By Nichole Harwood
Albuquerque locals are coming together to change the lives of the city’s most impressionable youth. Kingdom Builders Daycare is located in the International District, in Albuquerque’s Southeast side of town. Over the years it has had severe damage to their fences surrounding the playground. Local members of the community have risen up, hoping to change the conditions for children of the daycare.
Partnering with Last Ditch Effort’s owner, Alec “Cam” Fergeson, the management of Kingdom Builders Daycare is working hard to build a better environment for their children. This spring, the daycare will be adding several music classes, gardening, a nutrition program, and a pottery course to the existing daycare curriculum. The final addition to the project will be a brand new playground for all the children to enjoy!
James Landry of Kingdom Builders Daycare said the goal is to not only improve the daycare playground but also enrich the curriculum for their students. Many of the children who attend the daycare are CYFD funded, Landry said, pulling from many cultural backgrounds, including the African refugee community that is growing in Albuquerque. Kingdom Builders Daycare is one of the only daycares that has hired Swahili speakers to help communicate with the new students.
“We have this amazing eclectic group of kids that are being raised together,” Landry said. “We have this opportunity to work with these kids at the youngest level to break some of the cycles of poverty, of the drug abuse and physical abuse that are rampant in this neighborhood.”
Landry hopes to improve local Albuquerque children’s lives and also bring the children of refugees into a positive environment by improving the conditions for the children at the daycare. They wish to honor their culture while introducing them to Albuquerque’s own.
Pastor Pete Myers will be joining the project, spearheading a free music program to enrich the environment further for the children.
“We’re trying to recognize the needs the community has and the kids have and adapt our program to make sure we’re meeting the needs of the families,” Myers said.
The gardening program, Myers said, will help show the children the importance of nutritional value and agriculture, while letting them interact in a fun, safe environment. Alongside this program, Myers hopes the music program will help to improve the lives of the children in the long run, as schools with music programs have a higher graduation rate regardless of income, he said.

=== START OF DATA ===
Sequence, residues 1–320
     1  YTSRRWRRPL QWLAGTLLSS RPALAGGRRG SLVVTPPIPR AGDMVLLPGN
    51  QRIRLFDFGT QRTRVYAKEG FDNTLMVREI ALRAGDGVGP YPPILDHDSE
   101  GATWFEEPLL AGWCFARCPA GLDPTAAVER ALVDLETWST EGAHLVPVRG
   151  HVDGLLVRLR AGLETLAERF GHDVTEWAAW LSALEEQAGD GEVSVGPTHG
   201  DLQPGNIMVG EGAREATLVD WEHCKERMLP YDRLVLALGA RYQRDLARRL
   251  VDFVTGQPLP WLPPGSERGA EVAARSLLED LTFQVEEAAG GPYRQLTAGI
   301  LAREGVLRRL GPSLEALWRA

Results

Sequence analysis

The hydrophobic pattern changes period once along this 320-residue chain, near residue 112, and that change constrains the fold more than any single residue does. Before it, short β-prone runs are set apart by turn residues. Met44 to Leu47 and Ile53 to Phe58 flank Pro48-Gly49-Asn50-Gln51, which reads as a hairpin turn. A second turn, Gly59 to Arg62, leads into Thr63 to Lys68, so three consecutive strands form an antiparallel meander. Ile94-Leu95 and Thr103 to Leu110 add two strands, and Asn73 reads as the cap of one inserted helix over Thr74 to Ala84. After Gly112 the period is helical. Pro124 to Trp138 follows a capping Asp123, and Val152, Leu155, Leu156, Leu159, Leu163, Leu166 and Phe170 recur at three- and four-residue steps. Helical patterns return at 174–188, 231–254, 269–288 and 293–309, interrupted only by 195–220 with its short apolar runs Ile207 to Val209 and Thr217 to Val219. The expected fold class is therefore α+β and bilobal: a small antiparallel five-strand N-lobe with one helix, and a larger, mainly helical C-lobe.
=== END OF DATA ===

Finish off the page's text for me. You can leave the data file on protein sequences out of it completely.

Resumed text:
“The truth is a lot of the families in this neighborhood do not have the money for what it costs for quality music education—they don’t have the money to buy instruments to even teach themselves to play,” Myers said. “So that is something that we have the people around who are gifted in those areas that can help. Our hope is to use those people, and make connections in the community, to make this program even bigger and better.”
In addition to helping the children through this program, Myers said Kingdom Builders Daycare has also reached out to the adults within the community by hiring them to work at the daycare while pursuing a degree. Myers said this way they can invest in their own future, becoming an example for the youth they are surrounded by.
Myers said it’s fulfilling to see lives change and lives turn around; he hopes to see people’s situations improve by first not being in need and then being able to help others in need.
Landry agreed with Myers, explaining many of the adults within the community they hired do not always have the mindset or innate hope, drive, or belief in themselves. Landry said by helping both children and adults grow they are teaching their staff their work is more than just a job, but a mission as well.
“They’re starting to see that their investment in the community actually pays back in dividends,” Landry said. “We get to see these adults developing and the children developing at the same time.”
Fergeson said his company is honored to be a part of the ongoing effort to improve Kingdom Builders Daycare. When he was first shown the playground, Fergeson said he was sad it was surrounded by a bullet-riddled fence. After seeing that he became determined to make the daycare a beacon of hope.
“My biggest thing is being the change they want to see,” Fergeson said. “If you don’t like something, do something to change it. You can’t just sit there and complain about it and expect things to change. You have to get out there and do it. And I think starting with this program is beautiful
He said this is a long-term project starting with the younger generation and molding them into positive, productive members of society.
The work has just begun, but Fergeson, Landry, and Myers are looking to the future, determined to make a positive change on the community. This includes, according to Fergeson, changing how the area they’re working in is referred to. Fergeson believes that continuing to refer to the International District as the “War Zone” only continues to perpetuate the stigma and the mindset of the people who live there. Fergeson said changing the way the district is viewed, along with impacting the area with positive change, he hopes to see a brighter future for the district.
“I can’t prevent crime. I’m not a superhero; however, I think by doing the things we’re discussing now would be a big deterrent,” he said. “I think by creating and instilling a sense of pride in this beautiful place is just going to change the culture and community around it.”
For more information on the continuing effort here